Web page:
Ten years ago, today, the movie The Hobbit: An Unexpected Journey premiered in Wellington, New Zealand (its very first premiere before wide release). Directed by Peter Jackson, the screenplay was written by Fran Walsh, Philippa Boyens, Guillermo del Toro & Jackson. J.R.R. Tolkien, of course, is the original writing master. The cast list is extensive (lots of dwarves). Main characters are Young Bilbo Baggins (Martin Freeman), Old Bilbo Baggins (Ian Holm), Gandalf the Grey (Ian McKellen), Thorin Oakenshield (Richard Armitage), Saruman the White (Christopher Lee), Frodo Baggins (Elijah Wood), Galadriel (Cate Blanchett), Elrond (Hugo Weaving), Radagast the Brown (Sylvester McCoy), Gollum (Andy Serkis) and Smaug the Dragon (Benedict Cumberbatch).
Bilbo Baggins is swept into a quest to reclaim the lost Dwarf Kingdom of Erebor from the fearsome dragon Smaug. Approached out of the blue by the wizard Gandalf the Grey, Bilbo finds himself joining a company of thirteen dwarves led by the legendary warrior, Thorin Oakenshield. Their journey will take them into the wild, through treacherous lands, swarming with Goblins, Orcs, deadly Wargs, giant spiders, Shapeshifters and Sorcerers. Although their goal lies to the East and the wastelands of the Lonely Mountain, first they must escape the goblin tunnels, where Bilbo meets the creature that will change his life forever…Gollum. Here, alone with Gollum, on the shores of an underground lake, the unassuming Bilbo Baggins not only discovers depths of guile and courage that surprise even him, he also gains possession of Gollum’s “precious” ring that holds unexpected and useful qualities…a simple gold ring that is tied to the fate of all Middle-Earth in ways Bilbo cannot begin to know.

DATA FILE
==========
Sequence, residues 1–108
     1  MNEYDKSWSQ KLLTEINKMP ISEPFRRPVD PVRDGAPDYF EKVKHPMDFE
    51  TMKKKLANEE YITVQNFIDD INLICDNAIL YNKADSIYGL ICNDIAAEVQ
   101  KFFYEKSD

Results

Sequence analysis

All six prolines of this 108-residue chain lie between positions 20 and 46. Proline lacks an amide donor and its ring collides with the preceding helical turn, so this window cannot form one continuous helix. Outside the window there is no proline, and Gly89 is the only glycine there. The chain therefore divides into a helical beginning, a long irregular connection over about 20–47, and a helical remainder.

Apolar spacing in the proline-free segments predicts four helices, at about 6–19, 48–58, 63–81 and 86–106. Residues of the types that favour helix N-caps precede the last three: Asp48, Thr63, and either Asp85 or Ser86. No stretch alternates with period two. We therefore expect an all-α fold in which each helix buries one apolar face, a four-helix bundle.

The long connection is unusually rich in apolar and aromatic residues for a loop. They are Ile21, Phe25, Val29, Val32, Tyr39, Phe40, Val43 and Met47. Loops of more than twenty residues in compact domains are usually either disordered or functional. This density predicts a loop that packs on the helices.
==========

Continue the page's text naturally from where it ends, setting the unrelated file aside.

♦ Asked how many wizards there are, Gandalf says there are five, naming Saruman, Radagast and himself, then saying [that] he can’t remember the names of the other two, merely saying, “the two blues.” Their names, Alatar and Pallando, appear in the book Unfinished Tales, a collection of J.R.R. Tolkien ideas, and half-manuscripts, edited into book form by his son Christopher Tolkien. The filmmakers didn’t have rights to use material from that book, so the two blue wizards remain unnamed in this movie.
♦ The production team returned to the same shooting location for Hobbiton as they used in The Lord of the Rings trilogy. The land is part of a farm, which the owners allowed to be transformed into the Hobbiton set by The Lord of the Rings production crew in the late 1990s. After filming wrapped on the first trilogy, the farm’s owners turned the land into a Tolkien tourism spot, offering guided tours of the Hobbiton set. With the crew from The Hobbit trilogy making improvements and additions to the aging Hobbiton set, the farm owners were happy to temporarily close down their tourism business, so filming could take place there again.
♦ Sir Ian Holm and Sir Christopher Lee filmed their scenes at London’s Pinewood Studios because health concerns left them uncomfortable with flying to New Zealand.
Four years ago, when I started blogging, again, I covered the second movie. ~Vic
Official Trailer Two